A journey towards a proper string type

5 min read


I've been working to replace the atom types of the swc project. It uses string-cache to intern strings, but it uses a global Mutex internally, and as a result, it made swc slower. So there were an enormous amount of requests asking if it could be replaced with something different.

But well, I had no luck. Of course, I tried lots of existing libraries. Most of them were good, but all of them made swc slower than before. Even if they don't have mutex at all.

Initial requirements

  • swc must be faster with the new string library

  • String creation should be faster (No mutex)

  • Drop of AST should be faster (No mutex)

That's all! I just wanted faster swc. And... because everyone said Mutex in string-cache is the cause of slowness; I just thought it was true. But... but... swc was using js_word!() in almost everywhere, so the PR for removing direct usage of js_word!() was extremely time-consuming.

Anyway, I managed to do it. So I could replace string libraries easily if I wanted.

Tried solutions

Of course, I tried various libraries. At the moment of the js_word removal task being done, it's simply matter of performance; swc_atoms::Atom is now a newtype struct with a private field, so the library I use is simply an implementation detail.

I tried

  • tendril

  • smartstring

  • ustr

  • compact_str

I always had a good reasoning behind a choice. I'll describe them in the order.


tendril provides a strange, but useful type. It's similar to String, but it's internally Clone-on-Write , and it's reference counted. The noticeable thing is that the tendril instance for the whole file can be used to store text data for subtendrils, but with a good encapsulation.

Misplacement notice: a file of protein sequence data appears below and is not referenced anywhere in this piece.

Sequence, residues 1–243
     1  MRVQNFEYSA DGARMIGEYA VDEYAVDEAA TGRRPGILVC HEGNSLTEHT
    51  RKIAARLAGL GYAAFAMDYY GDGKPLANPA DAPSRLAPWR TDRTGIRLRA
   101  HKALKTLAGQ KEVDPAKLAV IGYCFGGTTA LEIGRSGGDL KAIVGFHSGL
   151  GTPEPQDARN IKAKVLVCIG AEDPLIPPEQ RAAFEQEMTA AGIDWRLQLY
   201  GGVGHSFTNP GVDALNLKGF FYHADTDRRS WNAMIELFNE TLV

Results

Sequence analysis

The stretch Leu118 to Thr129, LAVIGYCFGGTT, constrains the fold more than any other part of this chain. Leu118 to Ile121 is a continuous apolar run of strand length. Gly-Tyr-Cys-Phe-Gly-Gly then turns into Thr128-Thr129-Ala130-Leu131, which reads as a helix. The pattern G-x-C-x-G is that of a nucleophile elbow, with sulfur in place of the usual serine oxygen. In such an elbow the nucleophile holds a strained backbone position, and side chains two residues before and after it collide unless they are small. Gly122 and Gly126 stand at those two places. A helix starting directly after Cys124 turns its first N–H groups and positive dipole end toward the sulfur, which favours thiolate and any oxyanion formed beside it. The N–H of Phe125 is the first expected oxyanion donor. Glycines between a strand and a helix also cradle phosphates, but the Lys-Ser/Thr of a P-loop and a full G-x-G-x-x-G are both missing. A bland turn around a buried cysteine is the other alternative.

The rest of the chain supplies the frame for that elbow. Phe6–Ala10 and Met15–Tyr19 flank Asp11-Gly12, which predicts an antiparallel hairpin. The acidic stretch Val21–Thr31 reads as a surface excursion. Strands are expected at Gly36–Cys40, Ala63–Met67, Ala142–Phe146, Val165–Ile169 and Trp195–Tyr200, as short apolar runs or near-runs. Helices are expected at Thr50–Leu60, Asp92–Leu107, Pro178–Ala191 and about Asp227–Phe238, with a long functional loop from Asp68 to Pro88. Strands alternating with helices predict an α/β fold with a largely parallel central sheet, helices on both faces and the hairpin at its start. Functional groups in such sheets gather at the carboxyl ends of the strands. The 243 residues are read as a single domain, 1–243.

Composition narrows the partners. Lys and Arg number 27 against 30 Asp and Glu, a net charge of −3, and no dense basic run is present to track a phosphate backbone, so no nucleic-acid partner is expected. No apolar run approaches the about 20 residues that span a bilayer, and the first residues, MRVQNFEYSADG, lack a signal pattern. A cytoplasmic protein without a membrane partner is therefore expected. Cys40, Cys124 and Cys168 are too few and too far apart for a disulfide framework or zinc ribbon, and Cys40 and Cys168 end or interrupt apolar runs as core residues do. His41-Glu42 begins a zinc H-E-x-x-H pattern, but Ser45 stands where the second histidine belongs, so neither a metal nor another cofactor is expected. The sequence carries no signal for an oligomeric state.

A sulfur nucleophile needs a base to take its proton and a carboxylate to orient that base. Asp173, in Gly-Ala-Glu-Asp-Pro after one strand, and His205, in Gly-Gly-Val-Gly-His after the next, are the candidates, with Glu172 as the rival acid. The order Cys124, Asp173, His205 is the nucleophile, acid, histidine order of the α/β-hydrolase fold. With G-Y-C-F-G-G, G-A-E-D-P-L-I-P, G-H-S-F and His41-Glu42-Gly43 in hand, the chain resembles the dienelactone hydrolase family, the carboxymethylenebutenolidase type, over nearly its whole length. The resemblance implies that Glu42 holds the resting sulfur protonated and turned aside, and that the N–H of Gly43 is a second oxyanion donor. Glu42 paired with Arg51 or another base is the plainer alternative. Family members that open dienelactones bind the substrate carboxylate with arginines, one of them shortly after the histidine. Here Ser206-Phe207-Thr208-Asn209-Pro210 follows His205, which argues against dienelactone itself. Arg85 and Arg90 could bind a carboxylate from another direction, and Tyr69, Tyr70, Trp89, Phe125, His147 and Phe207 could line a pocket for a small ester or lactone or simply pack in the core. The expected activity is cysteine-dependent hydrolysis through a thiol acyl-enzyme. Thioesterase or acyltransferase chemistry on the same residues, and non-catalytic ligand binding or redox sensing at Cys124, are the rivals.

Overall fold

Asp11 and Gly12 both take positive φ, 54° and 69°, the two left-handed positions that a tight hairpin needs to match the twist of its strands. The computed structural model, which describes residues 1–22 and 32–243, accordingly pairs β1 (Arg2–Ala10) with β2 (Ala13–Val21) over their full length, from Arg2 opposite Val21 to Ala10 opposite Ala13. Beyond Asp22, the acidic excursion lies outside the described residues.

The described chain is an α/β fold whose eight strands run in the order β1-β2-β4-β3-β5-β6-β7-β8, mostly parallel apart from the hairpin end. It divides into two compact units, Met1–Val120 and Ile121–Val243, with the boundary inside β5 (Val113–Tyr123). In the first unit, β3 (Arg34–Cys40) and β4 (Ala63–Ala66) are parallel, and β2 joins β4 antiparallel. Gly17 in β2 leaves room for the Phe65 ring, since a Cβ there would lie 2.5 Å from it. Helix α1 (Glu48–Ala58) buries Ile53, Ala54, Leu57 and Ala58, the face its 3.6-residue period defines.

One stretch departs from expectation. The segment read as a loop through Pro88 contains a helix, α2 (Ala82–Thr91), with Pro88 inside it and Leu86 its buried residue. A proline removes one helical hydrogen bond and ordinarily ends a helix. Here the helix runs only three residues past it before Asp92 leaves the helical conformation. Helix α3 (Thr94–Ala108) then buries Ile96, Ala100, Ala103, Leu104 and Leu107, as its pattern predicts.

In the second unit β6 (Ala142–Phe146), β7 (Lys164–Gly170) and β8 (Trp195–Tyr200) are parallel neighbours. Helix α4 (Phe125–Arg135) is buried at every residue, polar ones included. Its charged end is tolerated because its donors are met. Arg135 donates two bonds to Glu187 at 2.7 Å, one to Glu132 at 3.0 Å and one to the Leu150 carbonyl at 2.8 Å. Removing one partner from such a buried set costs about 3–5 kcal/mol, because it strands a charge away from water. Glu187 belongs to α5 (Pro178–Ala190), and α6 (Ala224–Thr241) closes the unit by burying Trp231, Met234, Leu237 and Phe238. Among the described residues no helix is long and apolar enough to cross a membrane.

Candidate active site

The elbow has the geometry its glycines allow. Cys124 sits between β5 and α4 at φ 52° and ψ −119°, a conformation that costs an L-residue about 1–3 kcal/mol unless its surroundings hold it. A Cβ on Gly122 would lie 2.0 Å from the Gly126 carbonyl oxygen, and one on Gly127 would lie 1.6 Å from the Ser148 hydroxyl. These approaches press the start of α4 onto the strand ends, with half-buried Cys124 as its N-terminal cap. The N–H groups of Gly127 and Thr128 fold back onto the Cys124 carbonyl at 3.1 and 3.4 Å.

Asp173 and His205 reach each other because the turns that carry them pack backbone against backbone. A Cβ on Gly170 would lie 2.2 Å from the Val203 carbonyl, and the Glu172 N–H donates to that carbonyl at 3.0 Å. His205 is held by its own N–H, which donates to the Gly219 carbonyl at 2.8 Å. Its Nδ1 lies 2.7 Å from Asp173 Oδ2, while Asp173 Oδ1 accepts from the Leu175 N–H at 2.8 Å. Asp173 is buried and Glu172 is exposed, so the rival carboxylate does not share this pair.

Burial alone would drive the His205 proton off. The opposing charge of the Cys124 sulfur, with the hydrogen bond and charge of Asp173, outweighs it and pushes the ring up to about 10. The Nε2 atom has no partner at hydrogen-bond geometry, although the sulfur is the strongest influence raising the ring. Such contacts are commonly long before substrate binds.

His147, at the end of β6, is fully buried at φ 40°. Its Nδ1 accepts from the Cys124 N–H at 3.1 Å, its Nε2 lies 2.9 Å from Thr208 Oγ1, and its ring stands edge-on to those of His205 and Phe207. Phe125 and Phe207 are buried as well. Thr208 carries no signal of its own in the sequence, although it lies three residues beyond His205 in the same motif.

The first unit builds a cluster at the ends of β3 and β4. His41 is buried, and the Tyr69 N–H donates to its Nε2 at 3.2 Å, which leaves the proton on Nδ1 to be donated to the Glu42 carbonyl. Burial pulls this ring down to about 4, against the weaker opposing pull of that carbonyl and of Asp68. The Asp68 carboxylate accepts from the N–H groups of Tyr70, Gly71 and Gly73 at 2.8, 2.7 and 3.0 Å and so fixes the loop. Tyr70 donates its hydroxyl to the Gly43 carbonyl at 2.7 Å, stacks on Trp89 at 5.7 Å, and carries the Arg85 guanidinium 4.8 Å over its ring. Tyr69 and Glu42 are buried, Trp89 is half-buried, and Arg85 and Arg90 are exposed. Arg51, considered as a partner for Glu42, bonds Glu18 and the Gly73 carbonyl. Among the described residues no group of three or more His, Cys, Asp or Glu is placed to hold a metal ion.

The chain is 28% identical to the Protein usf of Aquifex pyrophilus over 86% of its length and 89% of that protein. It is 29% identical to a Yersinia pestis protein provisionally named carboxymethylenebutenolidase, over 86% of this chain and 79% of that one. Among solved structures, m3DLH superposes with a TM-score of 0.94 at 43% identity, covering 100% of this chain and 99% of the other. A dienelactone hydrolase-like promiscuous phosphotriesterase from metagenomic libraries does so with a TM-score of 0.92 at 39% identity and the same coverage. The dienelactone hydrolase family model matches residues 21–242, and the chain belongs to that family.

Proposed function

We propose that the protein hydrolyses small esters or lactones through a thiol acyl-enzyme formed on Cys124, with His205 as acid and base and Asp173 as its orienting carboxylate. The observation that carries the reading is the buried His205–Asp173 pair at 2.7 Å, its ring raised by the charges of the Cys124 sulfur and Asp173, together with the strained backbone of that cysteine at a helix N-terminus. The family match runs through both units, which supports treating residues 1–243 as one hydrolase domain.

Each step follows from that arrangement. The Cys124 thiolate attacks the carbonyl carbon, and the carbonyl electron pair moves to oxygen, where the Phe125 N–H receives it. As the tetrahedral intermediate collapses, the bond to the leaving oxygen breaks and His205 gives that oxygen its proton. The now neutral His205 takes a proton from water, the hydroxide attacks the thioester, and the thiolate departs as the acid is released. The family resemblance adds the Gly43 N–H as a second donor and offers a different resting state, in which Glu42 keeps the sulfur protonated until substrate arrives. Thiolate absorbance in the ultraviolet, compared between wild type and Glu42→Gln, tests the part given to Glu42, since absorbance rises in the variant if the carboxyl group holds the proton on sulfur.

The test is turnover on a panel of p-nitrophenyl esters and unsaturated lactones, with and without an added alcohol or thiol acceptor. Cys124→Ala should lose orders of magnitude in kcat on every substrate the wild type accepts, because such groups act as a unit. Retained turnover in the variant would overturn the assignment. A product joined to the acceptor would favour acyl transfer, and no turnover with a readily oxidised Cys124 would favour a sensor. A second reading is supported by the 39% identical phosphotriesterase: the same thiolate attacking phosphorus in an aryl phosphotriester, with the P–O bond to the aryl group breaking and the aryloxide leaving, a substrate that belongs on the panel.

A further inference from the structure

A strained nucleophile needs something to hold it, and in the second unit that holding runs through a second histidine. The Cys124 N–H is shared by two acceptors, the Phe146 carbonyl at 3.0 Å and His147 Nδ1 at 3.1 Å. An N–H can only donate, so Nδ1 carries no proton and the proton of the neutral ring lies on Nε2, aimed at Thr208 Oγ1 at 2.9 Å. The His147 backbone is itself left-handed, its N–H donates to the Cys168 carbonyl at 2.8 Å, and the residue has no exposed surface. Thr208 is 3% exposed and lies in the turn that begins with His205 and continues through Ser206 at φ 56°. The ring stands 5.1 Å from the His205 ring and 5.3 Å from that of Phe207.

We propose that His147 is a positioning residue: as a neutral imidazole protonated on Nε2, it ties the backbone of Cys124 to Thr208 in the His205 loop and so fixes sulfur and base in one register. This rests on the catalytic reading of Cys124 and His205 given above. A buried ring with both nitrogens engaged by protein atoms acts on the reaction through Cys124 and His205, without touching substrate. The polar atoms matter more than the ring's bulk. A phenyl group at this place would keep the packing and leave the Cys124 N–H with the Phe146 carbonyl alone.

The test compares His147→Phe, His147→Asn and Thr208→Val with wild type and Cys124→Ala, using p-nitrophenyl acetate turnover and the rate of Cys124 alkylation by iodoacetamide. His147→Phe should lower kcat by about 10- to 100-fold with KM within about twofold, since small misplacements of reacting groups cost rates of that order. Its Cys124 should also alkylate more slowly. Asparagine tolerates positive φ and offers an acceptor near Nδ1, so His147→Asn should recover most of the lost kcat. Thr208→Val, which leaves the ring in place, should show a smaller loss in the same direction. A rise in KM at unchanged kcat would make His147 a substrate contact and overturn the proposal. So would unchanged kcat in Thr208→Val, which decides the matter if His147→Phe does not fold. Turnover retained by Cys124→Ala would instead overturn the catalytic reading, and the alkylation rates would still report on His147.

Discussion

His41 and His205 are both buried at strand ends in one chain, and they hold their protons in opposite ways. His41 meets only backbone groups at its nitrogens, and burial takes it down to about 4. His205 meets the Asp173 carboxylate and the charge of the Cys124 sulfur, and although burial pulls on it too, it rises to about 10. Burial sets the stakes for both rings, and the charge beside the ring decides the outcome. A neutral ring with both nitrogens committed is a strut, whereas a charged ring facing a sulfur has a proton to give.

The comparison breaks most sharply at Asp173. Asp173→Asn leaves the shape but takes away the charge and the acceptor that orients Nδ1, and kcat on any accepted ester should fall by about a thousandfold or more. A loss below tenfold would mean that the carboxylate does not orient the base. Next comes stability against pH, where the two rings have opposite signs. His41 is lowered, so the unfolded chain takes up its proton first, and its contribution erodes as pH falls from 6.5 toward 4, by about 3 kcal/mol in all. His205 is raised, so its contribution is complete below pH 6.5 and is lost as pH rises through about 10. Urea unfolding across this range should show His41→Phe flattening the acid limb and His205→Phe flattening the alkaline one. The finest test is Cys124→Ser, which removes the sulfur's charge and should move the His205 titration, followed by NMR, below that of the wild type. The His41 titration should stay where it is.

If I use it, I'll be able to avoid many string copies. But I have to modify 4 parsers. The swc project now has parsers for ECMAScript, CSS, HTML, and XML so it would be really time-consuming.

Sadly, I couldn't profile tendril version correctly, because I had to patch a lot more than when I chose another library.


I was already using smartstring in some parts of swc. So, I thought it might be faster. But well, it was not the case. The operations for hash maps became much slower, and it resulted in 10% ~ 25% performance regression.

I'm not saying it's bad. It's simply not a fit for a project that relies heavily on hashmap operations.

string-cache didn't have this problem, because it interns all strings. After interning, a string is simply an u64, with a small optimization for Option<T>.

I realized that I have to think in the way of DoD (data-oriented design). We are not interested in modifying strings, at least in place. Yeah, strings can be stored at the stack, but well, for what? We are more interested in storing it in a hashmap and using it as a key.


So I tried ustr. This is quite similar to string-cache, and it's faster! But it has a critical problem. It does not free strings.

Okay Bye GIFs | Tenor

I couldn't use it. But anyway, I now know what matters, and what doesn't.